Alabama schools struggle with juvenile sex offenders in classrooms Marty Roney, Montgomery Advertiser Published Three years ago, their daughter was victimized by a thenyear-old boy. Juvenile criminal cases are sealed in Alabama. Facts about the case were confirmed by off-the-record sources who have knowledge of what took place. The Montgomery Advertiser does not identify victims of sex crimes. Where do juvenile sex offenders live in Alabama? At the time of the incident, their daughter was younger than 12, the parents said.
There are no jury trials in juvenile court; the judge makes the decisions. Under Alabama law, the young man is considered a sex offender. At the time, the young man was enrolled in an Autauga County high school. It was time to try and put the pieces back together. When getting ready to start school, the brother spotted the convicted juvenile sex offender at the school. The young man had re-enrolled. No one told us this was possible at all.
I mean, for our son to have to go to school every day and see the person that abused his little sister? Children have a right to receive an education. In fact, Alabama has a mandatory attendance law. Children younger than 16 must be enrolled in school. They can attend public, private or parochial schools, or they can be home-schooled. It is the responsibility of local boards of education to ensure that children under the age of 16 in their districts are enrolled.
We think a better approach would be to remove any convicted juvenile sex offender from a classroom setting. But we strongly believe that convicted juvenile sex offenders should not be mainstreamed with the general enrollment. ALEA also maintains the statewide adult sex offender registry, which is open to public view. Juvenile sex offenders fall under a classification system in Alabama, separated by the likelihood of their chances to offend again.
The lowest tier, known as "Number Ones," have been deemed by the courts as the least likely to offend again. The young man in the Autauga case was declared a Number One offender.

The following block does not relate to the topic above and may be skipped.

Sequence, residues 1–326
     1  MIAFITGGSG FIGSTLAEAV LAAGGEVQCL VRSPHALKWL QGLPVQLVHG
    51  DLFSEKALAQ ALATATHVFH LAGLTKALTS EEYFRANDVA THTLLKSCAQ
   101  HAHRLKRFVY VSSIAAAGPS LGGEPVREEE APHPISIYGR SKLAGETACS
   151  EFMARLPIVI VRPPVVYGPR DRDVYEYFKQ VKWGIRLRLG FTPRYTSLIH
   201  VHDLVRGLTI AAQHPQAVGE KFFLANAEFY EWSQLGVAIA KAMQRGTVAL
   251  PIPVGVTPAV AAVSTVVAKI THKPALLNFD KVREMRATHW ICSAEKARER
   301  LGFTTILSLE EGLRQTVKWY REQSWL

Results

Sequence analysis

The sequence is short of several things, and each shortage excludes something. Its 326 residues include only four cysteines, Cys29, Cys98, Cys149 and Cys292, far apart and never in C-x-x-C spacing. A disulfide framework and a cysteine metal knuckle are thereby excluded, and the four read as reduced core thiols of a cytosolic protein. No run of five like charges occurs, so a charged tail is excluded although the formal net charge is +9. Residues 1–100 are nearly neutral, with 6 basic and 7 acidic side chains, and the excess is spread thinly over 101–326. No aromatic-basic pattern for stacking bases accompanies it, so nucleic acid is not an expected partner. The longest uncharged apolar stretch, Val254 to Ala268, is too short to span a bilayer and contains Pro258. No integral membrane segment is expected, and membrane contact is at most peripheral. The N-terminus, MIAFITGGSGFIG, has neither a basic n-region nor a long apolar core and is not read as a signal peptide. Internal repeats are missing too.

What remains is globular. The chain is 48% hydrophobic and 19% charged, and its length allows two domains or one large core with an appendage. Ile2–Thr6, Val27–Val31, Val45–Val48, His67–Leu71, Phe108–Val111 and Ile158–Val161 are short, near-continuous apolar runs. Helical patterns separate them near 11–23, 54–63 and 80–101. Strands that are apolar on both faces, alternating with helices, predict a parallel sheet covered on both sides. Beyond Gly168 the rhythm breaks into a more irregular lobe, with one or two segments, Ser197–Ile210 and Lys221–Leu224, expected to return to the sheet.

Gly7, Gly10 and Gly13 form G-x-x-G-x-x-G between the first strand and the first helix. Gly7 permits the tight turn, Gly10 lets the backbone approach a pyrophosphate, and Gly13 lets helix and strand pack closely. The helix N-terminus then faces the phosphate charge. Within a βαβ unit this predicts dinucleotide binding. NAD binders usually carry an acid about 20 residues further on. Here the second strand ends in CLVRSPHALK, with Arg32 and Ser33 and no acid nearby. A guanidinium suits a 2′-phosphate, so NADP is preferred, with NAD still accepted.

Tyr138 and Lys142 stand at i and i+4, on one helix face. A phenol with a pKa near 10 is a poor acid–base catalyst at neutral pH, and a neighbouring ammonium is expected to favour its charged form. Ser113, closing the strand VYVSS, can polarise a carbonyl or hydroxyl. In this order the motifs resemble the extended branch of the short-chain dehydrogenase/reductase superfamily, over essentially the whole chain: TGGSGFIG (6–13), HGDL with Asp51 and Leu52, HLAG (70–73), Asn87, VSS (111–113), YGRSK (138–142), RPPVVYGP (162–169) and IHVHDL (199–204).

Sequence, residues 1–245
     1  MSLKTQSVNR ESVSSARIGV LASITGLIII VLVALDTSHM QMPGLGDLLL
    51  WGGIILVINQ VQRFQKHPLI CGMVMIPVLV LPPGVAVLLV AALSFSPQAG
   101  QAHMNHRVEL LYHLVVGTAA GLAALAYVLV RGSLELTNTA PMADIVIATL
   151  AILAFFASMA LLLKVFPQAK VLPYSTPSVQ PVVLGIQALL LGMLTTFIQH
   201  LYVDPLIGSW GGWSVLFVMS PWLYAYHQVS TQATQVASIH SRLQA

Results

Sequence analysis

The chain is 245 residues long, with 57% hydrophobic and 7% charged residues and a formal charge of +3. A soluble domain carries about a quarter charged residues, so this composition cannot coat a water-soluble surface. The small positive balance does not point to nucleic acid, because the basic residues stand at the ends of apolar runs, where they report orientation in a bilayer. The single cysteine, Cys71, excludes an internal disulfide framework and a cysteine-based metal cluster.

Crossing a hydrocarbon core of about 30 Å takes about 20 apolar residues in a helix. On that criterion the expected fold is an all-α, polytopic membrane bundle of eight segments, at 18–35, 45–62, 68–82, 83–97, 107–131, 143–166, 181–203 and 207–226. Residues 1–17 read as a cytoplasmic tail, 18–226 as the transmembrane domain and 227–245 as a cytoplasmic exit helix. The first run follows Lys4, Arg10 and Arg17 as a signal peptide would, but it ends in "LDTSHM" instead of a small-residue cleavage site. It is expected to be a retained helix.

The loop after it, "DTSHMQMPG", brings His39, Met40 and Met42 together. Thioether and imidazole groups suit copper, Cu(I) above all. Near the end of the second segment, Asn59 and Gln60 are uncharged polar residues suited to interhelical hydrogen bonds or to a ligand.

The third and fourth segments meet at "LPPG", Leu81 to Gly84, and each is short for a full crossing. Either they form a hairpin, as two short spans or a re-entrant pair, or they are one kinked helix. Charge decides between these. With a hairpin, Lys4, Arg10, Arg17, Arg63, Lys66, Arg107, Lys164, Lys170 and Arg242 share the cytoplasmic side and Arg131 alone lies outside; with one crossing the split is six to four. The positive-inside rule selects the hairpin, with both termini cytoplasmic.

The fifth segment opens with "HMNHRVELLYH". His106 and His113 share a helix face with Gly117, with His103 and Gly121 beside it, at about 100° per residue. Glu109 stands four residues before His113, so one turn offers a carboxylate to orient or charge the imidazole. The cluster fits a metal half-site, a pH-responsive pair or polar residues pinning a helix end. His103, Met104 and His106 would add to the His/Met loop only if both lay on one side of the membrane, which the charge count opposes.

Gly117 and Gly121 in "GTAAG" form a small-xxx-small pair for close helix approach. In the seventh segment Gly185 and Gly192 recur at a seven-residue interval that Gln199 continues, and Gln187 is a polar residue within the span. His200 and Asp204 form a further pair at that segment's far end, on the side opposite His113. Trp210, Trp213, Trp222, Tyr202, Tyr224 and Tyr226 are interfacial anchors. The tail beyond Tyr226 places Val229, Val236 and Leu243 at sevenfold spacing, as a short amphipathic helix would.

The second- and third-tiers have been judged by the courts as being of moderate or high risk to offend again. On the ALEA juvenile sex offender registry, information on offenders deemed at a low or moderate risk to offend again is not public. Information on juvenile sex offenders deemed as having a high risk to offend again are on the public website. Information on the site for juvenile sex offenders is basically the same as adult sex offenders.
The one change for juvenile sex offenders is the address of the school the offender attends, if that is applicable. Other information on the public website for juvenile sex offenders are: Including aliases, nicknames, ethnic names or Tribal names. Address of the school the offender attends, if applicable. License plate number and description of vehicle the offender uses. Criminal history of the sex offender, included what crime he was adjudicated delinquent for and why the court deemed the offender as being high risk.
The juvenile registry at ALEA tracks all juvenile sex offenders in the state. Juvenile sex offenders are younger than 18 when they were adjudicated. There is no way to determine how many of the juvenile sex offenders on the ALEA registry are enrolled in schools, but the numbers do give perspective as to how many juvenile sex offenders there are in the state. There were 13 juvenile sex offenders listed on the registry as living in Autauga County, with Elmore County having 27 and Montgomery County having Henry, Perry and Wilcox counties showed no juvenile sex offenders on the registry.
State law holds that for low-risk juvenile sex offenders, local law enforcement is required to notify where the juvenile has established a residence to the principal of the school where the juvenile sex offender will attend. Anyone else who directly or indirectly discloses that information could be charged with a Class A misdemeanor. For moderate-risk juvenile sex offenders, local law enforcement is required to provide notification of where the juvenile has established a residence to all schools and childcare facilities within three miles of the juveniles declared address.
High-risk juvenile sex offenders are placed on the public sex offender registry website and local law enforcement conducts notification to the public as though the juvenile were an adult sex offender. But juvenile justice advocates feel that treatment may be too harsh. The re-offense rate for sex offenses is substantially lower than are the recidivism rates for other adolescent delinquent behavior, which range from 8 percent to 58 percent.
Clyde Chambliss, R-Prattville, is sponsoring a bill that would change the way notification and enrollment of juvenile sex offenders is handled. The bill has passed out of the Senate. This is the same board and superintendent that expelled the young man for a year after he was adjudicated. Elmore County Schools also do not have a policy on juvenile sex offenders in the classroom, said Superintendent Richard Dennis. Seale expressed concerns about giving too much information, given the juvenile status of the case.
He would not confirm if the Autauga County schools has a policy in place for handling juvenile sex offenders in the classroom. It calls for the Alabama Department of Education to craft an enrollment policy that addresses a statewide framework. But the bill leaves it up to local boards of education as if juvenile sex offenders are allowed in a classroom setting.
I feel the local boards are best able to modify and fine tune any enrollment policies. As I did my initial research, and as the process has moved forward, I quickly realized just how broad and complex this problem is statewide.